A student at the University of Pittsburgh (Pitt) got his parents targeted for harassment after he had the temerity to tweet about the antics of liberal protesters on campus.
The mess for Pitt senior Doug Steeber started earlier this week when Pitt’s College Republicans invited writer Milo Yiannopoulos to give a lecture on the subject of free speech. The event aroused a storm of controversy, with students complaining it triggered them and made them feel physically unsafe (though there was no violence and the event was observed by local police).
The furor resulted in over 100 students attending a student government meeting Tuesday night, where many denounced the Yiannopoulos speech and demanded new censorship rules that would prevent a similar event from being held in the future.
Steeber was one of the attendees of the meeting, though not as a protester. He told The Daily Caller News Foundation he livetweeted various quotes and observations from the meeting (which was open to the public). Photos of his tweets indicate that his comments were mostly descriptive in nature, with a mild dose of snark. Nobody at the meeting is specifically identified by name.Steeber’s actions may have been pretty straightforward, as far as tweeting goes, but he says it infuriated others at the meeting after one of them saw what he was up to. Some even began to attack him publicly.
“They were screaming at me,” he said. “[One woman’s] friends had to physically restrain her, it looked like.”
But that was only the beginning of Steeber’s problems. Early Thursday morning, he said, he received a notification from Facebook warning somebody appeared to be trying to impersonate him on Facebook. The spoof account had the same name and photo as him. Steeber had the account deleted, but the spoofers proceeded to create another account, avoiding automatic detection by changing his name to “Douglas Steeb” and inverting his profile picture.This spoof account, notably, also listed the home address of his parents, which is not listed on Steeber’s regular account.
The most disturbing development came Thursday evening, when Steeber says a friend discovered a flier posted at Pitt. The flier shows a photo of Steeber, denounces him for “making fun of sexual assault survivors,” and gives the name and phone number of his parents with the suggestion that people call them. The flier also warns that its maker (or makers) are hard at work to identify others at the student government meeting so they can be harassed in the same way. So far, Steeber said, his parents have received a few calls from people who immediately hang up, but nothing more menacing thus far.“I have no issue with being challenged on my opinions, but threatening of my family is unacceptable,” Steeber said. He said he had no idea who is responsible for producing the spoof Facebook account or the flier.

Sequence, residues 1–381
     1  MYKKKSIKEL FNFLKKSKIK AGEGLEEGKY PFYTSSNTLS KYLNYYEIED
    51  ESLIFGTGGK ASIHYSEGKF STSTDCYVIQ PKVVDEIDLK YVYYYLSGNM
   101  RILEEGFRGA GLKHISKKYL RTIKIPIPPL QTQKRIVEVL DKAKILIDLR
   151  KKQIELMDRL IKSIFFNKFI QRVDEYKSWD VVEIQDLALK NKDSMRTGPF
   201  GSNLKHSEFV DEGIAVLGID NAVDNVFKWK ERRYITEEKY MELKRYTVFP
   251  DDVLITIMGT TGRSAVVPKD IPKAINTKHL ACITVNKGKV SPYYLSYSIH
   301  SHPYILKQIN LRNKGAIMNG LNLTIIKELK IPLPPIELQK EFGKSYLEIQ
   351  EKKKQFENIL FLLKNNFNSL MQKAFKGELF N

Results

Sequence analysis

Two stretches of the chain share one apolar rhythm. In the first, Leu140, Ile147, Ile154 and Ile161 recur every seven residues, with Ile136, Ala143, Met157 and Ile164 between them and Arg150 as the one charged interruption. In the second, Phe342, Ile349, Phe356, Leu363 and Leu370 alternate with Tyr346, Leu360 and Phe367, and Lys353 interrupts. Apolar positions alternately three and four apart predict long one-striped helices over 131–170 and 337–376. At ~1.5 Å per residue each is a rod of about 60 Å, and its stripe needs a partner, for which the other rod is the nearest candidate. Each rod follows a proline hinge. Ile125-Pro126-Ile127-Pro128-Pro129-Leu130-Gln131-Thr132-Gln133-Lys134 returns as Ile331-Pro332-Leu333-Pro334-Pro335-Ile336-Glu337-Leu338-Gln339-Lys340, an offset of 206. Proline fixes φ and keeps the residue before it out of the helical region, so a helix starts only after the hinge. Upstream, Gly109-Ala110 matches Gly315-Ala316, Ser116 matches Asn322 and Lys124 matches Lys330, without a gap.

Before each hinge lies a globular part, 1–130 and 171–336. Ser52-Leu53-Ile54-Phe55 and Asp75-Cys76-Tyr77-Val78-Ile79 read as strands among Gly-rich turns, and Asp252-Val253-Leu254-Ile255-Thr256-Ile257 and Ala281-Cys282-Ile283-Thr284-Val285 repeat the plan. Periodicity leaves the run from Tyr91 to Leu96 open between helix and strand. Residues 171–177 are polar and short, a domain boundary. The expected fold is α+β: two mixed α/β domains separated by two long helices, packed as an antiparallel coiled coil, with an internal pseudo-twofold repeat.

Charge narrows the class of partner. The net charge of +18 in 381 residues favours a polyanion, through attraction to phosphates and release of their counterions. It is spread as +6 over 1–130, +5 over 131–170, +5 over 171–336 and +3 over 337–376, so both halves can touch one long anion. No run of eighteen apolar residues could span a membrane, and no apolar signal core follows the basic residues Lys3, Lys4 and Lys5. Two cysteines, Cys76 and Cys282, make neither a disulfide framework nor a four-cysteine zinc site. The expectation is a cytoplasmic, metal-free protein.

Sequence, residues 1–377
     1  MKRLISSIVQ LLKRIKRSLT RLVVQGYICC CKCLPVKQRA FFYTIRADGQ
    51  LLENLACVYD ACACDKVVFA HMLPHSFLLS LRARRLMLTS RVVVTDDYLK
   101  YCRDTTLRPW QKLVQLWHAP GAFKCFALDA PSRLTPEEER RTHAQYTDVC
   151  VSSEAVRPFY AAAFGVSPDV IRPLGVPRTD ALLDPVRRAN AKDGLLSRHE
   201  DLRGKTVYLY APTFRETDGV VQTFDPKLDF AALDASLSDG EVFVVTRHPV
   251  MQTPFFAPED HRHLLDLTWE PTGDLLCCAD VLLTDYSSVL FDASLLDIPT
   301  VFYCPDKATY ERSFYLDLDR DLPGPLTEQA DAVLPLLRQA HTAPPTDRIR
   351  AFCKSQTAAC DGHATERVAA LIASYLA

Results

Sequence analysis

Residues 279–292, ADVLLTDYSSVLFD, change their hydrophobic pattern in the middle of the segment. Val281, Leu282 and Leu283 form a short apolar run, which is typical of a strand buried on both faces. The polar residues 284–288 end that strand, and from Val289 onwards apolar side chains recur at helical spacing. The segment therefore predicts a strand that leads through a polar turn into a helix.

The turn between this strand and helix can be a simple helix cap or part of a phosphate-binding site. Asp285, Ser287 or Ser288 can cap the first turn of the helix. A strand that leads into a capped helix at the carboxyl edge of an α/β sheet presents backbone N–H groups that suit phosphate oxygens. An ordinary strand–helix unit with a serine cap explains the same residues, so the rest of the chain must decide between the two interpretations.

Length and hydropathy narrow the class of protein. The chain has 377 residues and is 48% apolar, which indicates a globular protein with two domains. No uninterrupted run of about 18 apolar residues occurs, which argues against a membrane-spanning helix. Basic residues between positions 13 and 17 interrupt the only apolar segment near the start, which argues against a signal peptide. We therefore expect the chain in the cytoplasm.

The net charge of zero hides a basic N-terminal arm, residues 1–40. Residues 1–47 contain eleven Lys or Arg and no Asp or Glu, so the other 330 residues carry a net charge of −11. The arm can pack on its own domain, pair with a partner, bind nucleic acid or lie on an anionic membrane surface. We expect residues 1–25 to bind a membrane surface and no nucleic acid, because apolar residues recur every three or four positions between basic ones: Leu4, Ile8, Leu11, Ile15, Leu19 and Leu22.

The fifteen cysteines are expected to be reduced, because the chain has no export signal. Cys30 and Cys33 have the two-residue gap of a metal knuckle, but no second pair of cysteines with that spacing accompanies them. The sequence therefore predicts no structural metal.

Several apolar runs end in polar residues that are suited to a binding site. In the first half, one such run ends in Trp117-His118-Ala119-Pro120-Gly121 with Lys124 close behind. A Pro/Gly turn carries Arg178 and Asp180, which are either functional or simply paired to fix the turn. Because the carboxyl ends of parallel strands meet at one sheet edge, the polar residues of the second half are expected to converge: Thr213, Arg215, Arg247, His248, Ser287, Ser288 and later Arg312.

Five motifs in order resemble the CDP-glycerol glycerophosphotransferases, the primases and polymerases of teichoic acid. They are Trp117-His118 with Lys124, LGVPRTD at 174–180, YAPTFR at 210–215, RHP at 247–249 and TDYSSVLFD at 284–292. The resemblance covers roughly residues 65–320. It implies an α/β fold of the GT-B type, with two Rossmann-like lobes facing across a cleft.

At the time of publication, Steeber was attending the Conservative Political Action Conference (CPAC), and was uncertain whether there were any other copies of the flier being distributed around Pitt’s campus.
Steeber’s plight has attracted the interest of the Intercollegiate Studies Institute (ISI), a non-profit that co-sponsored the Yiannopoulos event. ISI President Christopher Long sent a letter to Pitt’s administration on Friday, suggesting that sympathetic statements by school administrators regarding anti-Yiannopoulos activists was encouraging the effort to target Steeber.
“[Vice provost] Kenyon Bonner’s public statements … [are] potentially encouraging the threatening of students associated with the College Republicans and the Intercollegiate Studies Institute,” the letter says. “I hope that you will make a public statement today so that the entire University of Pittsburgh community … is clear about the school’s embrace of free speech, that political harassment will not be tolerated, and in fact that it will be punished according to the University’s stated procedures and policies.”
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